Whether you do a day paddle, a section, or the entire trail, you’re in for a real adventure on the Alabama Scenic River Trail. Here’s what to know.

The Path of the Paddle

Passing through Selma, the Alabama River flows beneath the Edmund Pettis Bridge, an infamous landmark of the Civil Rights movement. 
    Joe Cuhaj
Passing through Selma, the Alabama River flows beneath the Edmund Pettis Bridge, an infamous landmark of the Civil Rights movement. Joe Cuhaj

A complete paddle of the trail from one end to the other takes about 48 days, depending on how fast you go. But, just as with land-based long-distance trails, you don’t have to tackle the entire length all in one shot. With the many campsites, launches, and parks along the route, not to mention outdoor outfitters and restaurants, it is easy to simply take a half- or full-day trip, or stretch your paddling adventure into an overnighter, weekend, or week-long (or longer) trip.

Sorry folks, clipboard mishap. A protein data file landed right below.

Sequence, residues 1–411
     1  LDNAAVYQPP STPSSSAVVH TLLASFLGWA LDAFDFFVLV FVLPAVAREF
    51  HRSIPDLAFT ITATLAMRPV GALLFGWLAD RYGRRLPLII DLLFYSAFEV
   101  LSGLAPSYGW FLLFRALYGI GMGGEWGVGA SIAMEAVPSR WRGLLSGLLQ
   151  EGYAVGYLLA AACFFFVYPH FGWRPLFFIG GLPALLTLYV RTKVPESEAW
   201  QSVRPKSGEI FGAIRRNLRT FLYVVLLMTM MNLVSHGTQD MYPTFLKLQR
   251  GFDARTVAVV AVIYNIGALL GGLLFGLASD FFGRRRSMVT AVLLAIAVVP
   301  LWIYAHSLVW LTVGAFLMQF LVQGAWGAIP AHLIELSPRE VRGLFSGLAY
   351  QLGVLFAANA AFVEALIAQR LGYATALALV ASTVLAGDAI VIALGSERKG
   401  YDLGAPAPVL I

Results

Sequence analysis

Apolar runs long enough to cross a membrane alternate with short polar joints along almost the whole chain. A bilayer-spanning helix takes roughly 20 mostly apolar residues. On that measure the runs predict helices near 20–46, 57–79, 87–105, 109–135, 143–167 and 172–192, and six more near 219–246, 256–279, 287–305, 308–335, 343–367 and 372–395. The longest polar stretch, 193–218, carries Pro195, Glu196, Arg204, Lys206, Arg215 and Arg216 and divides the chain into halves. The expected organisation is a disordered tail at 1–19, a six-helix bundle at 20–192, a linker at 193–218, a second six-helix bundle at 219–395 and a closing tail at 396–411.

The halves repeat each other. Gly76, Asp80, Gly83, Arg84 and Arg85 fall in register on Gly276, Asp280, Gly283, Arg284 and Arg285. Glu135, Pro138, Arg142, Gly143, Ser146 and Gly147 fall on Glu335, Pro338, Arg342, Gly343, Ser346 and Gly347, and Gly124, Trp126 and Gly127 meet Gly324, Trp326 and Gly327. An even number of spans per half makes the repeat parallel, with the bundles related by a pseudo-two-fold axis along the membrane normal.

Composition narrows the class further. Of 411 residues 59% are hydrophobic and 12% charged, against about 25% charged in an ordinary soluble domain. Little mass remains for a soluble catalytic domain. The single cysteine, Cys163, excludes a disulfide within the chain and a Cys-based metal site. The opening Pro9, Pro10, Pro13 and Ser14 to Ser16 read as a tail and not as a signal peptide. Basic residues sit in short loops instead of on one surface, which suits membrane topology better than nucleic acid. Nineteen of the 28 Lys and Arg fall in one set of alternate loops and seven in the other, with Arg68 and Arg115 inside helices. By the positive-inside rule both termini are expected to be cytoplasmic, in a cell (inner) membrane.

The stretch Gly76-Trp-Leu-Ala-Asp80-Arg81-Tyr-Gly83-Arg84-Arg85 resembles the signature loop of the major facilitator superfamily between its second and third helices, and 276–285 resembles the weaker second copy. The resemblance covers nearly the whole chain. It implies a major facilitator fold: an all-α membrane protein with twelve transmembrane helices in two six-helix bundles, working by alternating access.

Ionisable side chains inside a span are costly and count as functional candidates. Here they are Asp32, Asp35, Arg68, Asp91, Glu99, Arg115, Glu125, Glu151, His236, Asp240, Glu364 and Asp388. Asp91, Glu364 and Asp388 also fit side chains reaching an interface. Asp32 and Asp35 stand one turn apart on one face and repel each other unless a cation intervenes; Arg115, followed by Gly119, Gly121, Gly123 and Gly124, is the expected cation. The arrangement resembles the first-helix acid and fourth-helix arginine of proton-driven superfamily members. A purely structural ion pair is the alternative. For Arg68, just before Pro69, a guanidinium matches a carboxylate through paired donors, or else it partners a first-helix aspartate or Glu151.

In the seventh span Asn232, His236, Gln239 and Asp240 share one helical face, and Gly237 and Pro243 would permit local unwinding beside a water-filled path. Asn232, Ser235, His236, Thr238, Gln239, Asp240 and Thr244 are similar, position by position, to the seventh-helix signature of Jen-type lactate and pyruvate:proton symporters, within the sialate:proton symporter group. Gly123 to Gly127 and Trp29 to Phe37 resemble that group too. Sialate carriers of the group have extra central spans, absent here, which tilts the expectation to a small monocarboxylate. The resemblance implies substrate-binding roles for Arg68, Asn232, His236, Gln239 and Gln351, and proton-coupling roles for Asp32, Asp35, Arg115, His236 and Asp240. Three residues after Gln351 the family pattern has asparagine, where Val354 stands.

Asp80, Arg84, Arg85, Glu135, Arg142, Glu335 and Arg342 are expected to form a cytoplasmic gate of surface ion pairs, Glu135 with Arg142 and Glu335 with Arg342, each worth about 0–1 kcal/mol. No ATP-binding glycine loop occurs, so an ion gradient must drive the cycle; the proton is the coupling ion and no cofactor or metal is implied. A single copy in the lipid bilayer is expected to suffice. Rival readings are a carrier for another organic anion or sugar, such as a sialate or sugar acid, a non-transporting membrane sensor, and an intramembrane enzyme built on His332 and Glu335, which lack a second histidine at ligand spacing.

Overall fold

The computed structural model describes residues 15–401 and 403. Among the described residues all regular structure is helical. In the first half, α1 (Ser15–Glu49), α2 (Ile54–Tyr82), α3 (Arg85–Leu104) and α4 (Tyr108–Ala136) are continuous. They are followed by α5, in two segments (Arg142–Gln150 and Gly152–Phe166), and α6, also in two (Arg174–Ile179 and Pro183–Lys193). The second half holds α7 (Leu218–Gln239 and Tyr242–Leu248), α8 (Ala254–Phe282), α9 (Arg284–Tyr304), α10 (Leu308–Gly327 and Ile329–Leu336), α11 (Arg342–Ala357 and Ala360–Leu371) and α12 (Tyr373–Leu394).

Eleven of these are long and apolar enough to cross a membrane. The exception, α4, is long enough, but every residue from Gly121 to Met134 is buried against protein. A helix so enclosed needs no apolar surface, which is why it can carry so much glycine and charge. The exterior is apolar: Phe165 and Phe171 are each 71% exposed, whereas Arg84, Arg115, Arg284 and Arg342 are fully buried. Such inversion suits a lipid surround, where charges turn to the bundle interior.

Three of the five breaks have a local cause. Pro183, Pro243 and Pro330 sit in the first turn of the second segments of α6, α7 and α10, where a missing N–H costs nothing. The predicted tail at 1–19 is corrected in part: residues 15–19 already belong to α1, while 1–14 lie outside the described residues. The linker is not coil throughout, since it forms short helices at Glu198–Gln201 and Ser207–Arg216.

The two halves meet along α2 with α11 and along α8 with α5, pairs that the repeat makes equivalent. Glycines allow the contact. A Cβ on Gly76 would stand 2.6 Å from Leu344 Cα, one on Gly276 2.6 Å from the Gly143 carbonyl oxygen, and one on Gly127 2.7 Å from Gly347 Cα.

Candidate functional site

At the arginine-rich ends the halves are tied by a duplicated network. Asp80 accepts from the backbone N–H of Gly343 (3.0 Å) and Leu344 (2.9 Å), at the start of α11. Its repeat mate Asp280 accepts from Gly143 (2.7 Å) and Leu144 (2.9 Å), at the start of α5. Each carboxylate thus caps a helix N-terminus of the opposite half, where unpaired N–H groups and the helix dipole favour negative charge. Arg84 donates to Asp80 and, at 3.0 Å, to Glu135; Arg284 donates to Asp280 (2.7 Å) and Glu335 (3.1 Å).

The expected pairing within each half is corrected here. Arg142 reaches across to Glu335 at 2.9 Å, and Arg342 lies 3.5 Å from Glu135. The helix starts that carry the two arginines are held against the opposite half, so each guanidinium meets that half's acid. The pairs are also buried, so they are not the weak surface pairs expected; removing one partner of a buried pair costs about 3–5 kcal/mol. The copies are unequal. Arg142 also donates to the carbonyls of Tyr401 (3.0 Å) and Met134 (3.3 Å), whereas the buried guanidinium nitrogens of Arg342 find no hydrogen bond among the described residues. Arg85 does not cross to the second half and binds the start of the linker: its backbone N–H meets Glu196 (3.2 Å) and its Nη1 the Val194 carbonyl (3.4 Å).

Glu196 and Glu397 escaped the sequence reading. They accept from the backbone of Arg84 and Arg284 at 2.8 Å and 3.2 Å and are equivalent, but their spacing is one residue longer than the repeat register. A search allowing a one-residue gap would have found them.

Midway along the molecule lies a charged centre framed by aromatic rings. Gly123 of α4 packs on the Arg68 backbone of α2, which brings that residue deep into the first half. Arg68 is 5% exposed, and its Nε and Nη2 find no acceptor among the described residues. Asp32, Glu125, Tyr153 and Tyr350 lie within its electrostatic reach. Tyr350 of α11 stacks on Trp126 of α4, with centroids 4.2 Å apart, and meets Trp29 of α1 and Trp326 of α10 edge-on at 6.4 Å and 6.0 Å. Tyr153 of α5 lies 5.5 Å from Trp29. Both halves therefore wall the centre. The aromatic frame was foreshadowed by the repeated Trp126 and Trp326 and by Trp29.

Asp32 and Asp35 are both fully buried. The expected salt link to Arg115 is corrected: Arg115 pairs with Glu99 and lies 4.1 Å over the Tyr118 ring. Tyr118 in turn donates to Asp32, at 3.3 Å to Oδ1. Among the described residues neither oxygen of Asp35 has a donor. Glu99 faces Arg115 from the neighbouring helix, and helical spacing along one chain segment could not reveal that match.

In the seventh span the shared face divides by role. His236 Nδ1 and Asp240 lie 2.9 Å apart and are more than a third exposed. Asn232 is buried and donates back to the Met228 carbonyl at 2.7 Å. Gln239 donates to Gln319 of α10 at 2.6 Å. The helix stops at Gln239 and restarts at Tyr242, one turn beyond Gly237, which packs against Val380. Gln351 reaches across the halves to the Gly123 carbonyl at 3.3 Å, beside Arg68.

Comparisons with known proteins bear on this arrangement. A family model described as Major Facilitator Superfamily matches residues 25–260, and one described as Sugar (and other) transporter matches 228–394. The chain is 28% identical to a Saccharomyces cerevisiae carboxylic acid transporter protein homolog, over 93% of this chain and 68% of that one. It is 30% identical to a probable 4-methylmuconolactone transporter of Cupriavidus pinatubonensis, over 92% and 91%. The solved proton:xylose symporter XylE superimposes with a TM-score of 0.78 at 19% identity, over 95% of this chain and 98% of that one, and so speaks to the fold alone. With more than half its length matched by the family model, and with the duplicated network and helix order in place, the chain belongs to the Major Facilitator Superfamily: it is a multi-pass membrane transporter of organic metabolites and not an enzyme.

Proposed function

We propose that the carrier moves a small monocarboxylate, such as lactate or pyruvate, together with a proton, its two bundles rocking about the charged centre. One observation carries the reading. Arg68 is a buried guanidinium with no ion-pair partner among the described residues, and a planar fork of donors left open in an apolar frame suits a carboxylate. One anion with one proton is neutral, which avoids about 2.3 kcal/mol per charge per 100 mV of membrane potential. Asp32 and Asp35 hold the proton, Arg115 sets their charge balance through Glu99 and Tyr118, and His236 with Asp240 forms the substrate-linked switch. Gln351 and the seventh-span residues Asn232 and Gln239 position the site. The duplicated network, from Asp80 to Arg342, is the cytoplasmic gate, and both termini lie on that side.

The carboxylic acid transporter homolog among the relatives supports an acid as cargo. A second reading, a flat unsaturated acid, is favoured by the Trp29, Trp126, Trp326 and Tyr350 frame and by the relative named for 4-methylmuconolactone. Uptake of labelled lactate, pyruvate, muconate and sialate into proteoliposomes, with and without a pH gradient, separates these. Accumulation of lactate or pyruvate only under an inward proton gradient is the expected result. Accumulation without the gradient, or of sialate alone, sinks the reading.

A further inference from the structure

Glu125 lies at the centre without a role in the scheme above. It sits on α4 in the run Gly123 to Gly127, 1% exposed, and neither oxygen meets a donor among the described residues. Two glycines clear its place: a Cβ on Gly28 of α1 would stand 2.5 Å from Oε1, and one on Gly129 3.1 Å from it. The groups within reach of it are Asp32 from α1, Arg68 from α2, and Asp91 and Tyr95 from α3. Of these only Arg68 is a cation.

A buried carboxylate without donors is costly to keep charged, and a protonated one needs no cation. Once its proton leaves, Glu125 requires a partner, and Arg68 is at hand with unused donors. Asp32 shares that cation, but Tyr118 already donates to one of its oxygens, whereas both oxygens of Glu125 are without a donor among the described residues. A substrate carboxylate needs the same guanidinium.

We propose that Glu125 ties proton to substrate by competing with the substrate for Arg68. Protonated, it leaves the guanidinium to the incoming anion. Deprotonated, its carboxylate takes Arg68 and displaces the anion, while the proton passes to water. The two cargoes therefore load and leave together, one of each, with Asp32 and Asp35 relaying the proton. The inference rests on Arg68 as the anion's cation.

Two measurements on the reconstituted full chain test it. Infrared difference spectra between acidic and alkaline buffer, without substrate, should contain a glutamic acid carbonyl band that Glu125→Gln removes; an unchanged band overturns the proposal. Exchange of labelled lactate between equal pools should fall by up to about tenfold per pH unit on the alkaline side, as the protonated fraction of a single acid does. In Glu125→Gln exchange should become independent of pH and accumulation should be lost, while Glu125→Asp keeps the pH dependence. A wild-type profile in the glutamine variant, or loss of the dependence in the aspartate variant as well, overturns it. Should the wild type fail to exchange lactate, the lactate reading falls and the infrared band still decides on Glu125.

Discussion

While the trail has numerous offshoots and tributaries, the main or "core" trail of the ASRT runs down two main rivers, the Coosa and Alabama, as well as through the second-largest river delta in the country, the Mobile-Tensaw Delta, and along the banks of historic Mobile Bay before finally ending in the Gulf of Mexico. The trail is divided into four sections: the Piedmont section,

from Centre, Alabama, to Childersburg; the Central section, from Childersburg to Wetumpka; the River Heritage section, from Wetumpka to Claiborne; and the Delta section, from Claiborne to Fort Morgan. Each of these stretches provides its own unique landscapes, wildlife, and challenges.